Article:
Not only has she landed leading roles in projects like Miles Ahead and Roots, but she also has mentors like Alfre Woodard (!).
Emayatzy Corinealdi had no idea 2016 would be one of the biggest years of her career. Blame it on fate.
“It’s always exciting when things that you’ve done converge at the same time,” Corinealdi says. “It’s not something you plan for. You just do the work. It comes out when it comes out. This just really is an exciting moment of it all coming together.”
What came together was last April’s theatrical release of Miles Ahead, where she stars opposite Don Cheadle as Frances Taylor, the ex-wife and muse of Miles Davis, whom the film is inspired by. Corinealdi also appears in this month’s History channel remake of Roots, playing the iconic role of Belle—Kunta Kinte’s wife.
“My first question was, ‘I wonder why they would be remaking this?’ ” Corinealdi, 36, says about the classic. “It’s so timely. The fact that there’s a Black Lives Matter movement—it just speaks to the things that still persist after slavery.”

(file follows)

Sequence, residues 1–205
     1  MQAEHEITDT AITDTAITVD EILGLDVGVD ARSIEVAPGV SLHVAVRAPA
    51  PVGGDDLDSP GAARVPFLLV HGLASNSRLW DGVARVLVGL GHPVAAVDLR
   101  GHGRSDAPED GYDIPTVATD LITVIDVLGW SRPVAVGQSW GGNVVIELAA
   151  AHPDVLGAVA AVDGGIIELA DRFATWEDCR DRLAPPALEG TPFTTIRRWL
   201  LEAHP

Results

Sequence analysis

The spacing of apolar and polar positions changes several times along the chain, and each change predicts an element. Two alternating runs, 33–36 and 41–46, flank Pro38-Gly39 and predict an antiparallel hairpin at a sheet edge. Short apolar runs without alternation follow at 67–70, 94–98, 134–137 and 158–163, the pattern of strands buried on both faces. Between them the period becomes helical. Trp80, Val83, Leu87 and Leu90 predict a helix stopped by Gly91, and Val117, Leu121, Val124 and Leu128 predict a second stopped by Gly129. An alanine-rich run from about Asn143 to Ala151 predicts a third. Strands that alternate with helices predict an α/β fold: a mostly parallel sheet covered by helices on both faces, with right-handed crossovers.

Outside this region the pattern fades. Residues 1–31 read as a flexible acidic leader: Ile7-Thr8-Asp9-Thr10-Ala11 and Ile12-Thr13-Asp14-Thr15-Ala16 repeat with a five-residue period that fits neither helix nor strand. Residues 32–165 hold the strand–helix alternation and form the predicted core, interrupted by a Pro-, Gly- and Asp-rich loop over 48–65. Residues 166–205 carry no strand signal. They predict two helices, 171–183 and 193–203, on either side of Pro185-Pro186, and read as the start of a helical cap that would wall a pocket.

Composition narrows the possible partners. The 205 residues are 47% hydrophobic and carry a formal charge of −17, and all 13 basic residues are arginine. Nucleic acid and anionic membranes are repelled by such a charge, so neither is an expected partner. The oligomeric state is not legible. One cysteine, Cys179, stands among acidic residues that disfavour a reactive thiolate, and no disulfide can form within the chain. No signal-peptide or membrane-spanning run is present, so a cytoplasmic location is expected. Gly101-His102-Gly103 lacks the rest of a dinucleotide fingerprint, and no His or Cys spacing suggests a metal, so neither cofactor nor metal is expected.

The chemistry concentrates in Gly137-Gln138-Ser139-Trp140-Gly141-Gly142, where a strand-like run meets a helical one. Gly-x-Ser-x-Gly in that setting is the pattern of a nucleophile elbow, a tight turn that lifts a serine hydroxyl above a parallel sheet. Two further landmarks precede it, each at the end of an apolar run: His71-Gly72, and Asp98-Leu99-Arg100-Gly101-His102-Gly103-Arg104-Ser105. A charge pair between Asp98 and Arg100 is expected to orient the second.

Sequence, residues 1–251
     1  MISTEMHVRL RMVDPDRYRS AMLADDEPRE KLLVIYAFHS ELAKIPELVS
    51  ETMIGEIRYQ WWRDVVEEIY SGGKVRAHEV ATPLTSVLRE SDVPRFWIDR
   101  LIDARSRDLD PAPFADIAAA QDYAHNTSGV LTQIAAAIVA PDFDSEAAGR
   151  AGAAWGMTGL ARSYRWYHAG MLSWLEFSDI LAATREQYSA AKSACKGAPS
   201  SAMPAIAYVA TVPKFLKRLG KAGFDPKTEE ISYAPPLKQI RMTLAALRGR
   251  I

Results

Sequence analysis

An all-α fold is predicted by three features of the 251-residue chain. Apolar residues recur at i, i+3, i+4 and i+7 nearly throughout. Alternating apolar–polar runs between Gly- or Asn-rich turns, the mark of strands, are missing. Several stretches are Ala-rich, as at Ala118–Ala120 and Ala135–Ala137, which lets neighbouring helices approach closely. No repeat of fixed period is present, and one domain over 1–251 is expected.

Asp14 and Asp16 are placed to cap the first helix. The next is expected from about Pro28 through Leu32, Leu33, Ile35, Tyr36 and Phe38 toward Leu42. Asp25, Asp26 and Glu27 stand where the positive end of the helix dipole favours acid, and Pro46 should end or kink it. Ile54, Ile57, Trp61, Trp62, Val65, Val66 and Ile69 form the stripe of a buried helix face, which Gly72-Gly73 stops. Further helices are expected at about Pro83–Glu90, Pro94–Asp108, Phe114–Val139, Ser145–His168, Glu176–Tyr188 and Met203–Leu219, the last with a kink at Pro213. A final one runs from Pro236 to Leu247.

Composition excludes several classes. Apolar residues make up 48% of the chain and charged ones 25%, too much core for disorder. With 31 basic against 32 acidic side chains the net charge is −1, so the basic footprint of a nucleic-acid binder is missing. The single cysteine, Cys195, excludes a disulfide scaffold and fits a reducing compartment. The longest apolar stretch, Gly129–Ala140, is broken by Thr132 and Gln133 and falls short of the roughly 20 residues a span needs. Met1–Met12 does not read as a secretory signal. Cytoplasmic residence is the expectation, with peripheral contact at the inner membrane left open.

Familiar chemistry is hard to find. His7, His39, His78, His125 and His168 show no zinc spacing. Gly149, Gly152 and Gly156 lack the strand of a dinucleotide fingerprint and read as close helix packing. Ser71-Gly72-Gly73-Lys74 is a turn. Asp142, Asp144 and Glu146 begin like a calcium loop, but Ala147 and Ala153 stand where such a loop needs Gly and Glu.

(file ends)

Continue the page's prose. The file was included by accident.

Early on, the Kentucky native built a solid résumé with a recurring role on The Young and the Restless and choice parts in a handful of TV movies. In 2012 the industry really took notice, thanks to her breakout performance as a dedicated wife in Ava DuVernay’s Middle of Nowhere.
“Once I learned Emi was an option to be our film’s leading lady, I let Ava know I felt Emi possessed the presence, the grace, the pain and the acting chops to be our only option,” costar Omari Hardwick says. “Obviously I was proven correct. A gifted sister she is.”
Corinealdi has no shortage of influential supporters. She counts Alfre Woodard as one of her mentors who helped her navigate the challenges of being Black in Hollywood. “It’s just -difficult. If there are five scripts you have in front of you, there may be one that has a female lead, but more than likely there probably isn’t one,” Corinealdi explains. “People want to see their own experiences. It’s one of the reasons it’s important that people see themselves reflected on television.”
By morphing into and reflecting -various characters, Corinealdi feels Black Girl Magic: “Being able to express yourself boldly and freely. Being uninhibited about doing that. I think there is a soul in us, and I think that is something we possess that is really different. There’s a way of exhibiting that, which comes naturally. That’s the magic.”
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